Jon Stewart returned to 'The Daily Show' Tuesday.
(Photo: Carolyn Kaster, AP)
(USA TODAY) Our daily TV routine just got a bit better.
Not that fans of Comedy Central's The Daily Show had any great reason to complain over the last 12 weeks. John Oliver proved an often terrifically funny substitute for the vacationing Jon Stewart. But as sarcastically amusing as Oliver may be, he seldom conveys one of the principal qualities that separates Stewart from most of his late-night competitors: conviction, that ability Stewart has to make us think his eager intelligence and rapier wit are tied to a set of beliefs he's unwilling to betray.
Lots of comics do righteous indignation. Stewart makes you think he actually is indignant. That's a rarer talent than you might assume.
Returning to his desk from a summer spent in Jordan directing a movie (which caused the show to call in Stephen Colbert to "de-Middle East" him), Stewart opened by promising viewers he'd missed them. "You don't know what it's like out there in the real world. Nobody applauds every stupid little thing you do."
After telling us the main lesson he learned from the Middle East - "I'm Western" - he moved into a fast "thanks for stepping in" bit with Oliver. Then it was off to the main segment of the evening, an attempt to find comedy in the Syrian crisis. Against all odds, he succeeded.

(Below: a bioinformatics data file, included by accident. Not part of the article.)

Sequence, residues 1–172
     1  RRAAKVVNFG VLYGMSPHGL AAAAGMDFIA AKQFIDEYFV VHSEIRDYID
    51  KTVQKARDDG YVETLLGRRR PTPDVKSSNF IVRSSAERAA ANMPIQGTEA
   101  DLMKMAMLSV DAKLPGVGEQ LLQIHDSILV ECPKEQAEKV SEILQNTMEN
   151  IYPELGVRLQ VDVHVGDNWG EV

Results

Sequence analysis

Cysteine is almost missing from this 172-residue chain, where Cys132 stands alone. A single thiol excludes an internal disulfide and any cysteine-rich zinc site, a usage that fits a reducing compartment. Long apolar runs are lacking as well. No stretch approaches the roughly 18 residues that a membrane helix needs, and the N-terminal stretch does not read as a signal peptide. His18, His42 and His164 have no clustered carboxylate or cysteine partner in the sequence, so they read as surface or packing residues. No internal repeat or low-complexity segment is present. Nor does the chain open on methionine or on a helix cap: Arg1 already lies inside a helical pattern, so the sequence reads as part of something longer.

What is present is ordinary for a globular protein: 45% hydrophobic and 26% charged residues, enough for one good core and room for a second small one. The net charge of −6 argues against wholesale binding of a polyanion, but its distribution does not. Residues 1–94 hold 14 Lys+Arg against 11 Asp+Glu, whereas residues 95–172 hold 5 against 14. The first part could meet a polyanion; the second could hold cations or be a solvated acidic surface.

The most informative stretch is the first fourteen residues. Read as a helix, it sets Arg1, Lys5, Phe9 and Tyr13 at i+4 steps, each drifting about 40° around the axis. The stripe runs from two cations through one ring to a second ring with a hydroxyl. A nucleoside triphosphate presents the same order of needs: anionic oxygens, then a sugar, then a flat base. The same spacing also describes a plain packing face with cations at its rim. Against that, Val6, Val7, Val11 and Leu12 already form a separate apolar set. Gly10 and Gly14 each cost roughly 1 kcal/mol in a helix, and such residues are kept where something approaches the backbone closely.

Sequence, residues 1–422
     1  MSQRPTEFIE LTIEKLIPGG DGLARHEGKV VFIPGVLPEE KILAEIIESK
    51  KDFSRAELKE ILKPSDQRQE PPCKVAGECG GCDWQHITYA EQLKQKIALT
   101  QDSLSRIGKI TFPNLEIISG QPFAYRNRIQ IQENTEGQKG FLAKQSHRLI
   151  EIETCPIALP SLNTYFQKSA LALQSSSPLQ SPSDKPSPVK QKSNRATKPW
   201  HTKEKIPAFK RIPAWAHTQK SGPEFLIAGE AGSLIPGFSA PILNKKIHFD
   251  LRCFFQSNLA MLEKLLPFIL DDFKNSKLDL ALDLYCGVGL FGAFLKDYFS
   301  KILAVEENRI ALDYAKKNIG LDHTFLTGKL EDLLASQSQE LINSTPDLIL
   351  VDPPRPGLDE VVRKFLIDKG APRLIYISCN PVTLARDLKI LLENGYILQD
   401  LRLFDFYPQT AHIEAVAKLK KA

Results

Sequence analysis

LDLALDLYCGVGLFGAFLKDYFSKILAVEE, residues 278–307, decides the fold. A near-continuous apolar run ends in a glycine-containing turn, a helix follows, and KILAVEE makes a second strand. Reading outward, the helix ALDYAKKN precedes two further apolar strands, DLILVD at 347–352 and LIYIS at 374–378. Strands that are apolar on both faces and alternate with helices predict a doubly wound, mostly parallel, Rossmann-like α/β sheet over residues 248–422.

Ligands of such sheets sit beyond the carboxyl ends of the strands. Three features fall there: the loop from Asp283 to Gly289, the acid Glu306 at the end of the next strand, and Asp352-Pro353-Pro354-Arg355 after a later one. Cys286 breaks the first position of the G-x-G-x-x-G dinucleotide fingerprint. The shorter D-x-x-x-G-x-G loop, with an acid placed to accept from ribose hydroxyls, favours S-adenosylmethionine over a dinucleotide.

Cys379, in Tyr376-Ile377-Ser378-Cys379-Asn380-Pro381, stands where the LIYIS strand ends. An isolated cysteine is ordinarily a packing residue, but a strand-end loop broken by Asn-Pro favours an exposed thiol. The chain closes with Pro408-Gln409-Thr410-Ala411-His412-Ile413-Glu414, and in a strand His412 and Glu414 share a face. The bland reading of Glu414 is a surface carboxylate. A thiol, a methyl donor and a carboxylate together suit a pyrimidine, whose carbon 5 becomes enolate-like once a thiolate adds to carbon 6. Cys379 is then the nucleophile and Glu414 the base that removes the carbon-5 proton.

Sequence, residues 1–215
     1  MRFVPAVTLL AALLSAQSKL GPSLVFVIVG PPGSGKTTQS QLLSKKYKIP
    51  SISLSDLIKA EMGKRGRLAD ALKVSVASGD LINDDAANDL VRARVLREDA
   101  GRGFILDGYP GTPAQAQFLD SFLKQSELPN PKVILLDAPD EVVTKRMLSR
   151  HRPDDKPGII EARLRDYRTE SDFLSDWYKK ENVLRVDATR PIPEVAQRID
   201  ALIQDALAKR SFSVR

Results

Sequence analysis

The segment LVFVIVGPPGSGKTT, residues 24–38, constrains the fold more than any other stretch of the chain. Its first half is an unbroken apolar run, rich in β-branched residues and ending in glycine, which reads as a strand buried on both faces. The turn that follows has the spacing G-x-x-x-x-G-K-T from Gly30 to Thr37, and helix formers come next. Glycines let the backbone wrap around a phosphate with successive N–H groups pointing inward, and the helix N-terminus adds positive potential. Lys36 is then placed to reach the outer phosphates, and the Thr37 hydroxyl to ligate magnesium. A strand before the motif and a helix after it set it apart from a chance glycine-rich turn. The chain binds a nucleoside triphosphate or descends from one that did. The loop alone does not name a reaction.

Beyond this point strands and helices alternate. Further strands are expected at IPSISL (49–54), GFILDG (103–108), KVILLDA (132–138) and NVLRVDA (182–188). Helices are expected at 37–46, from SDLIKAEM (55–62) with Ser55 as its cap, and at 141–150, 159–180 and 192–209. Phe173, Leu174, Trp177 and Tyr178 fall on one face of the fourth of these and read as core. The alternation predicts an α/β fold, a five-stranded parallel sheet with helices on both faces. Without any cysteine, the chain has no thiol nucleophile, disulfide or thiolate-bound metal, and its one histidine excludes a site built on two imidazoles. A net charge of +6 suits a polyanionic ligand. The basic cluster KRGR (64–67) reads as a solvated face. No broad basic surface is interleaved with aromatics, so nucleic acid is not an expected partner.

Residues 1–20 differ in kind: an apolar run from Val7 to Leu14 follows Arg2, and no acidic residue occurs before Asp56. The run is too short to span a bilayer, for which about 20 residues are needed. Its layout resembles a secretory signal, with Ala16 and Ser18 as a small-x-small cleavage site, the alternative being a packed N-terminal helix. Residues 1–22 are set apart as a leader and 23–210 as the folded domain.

If you want to know where Stewart stands on bombing Syria, well, let's just say he's against it. If the point was pacifist, however, the jokes were non-partisan, mocking both President Obama's red line - "Oh right: We have to bomb Syria because we're in 7th Grade" - and the complaining Republican hawk members he called "the idiot parade."
Under both hosts, of course, one of the distinguishing features of this comedy newscast is its willingness to drop the comedy and conclude with a serious interview, in this case with Andrew Harper, head of the United Nations Refugee Agency in Jordan. There were no jokes and no lighthearted banter; just a sincere (albeit brief) discussion of the plight of the people fleeing Syria. It's a subject many viewers might not have considered had they not tuned in to see Stewart's return.
Which is just one more reason to welcome him back.
Robert Bianco, USA TODAY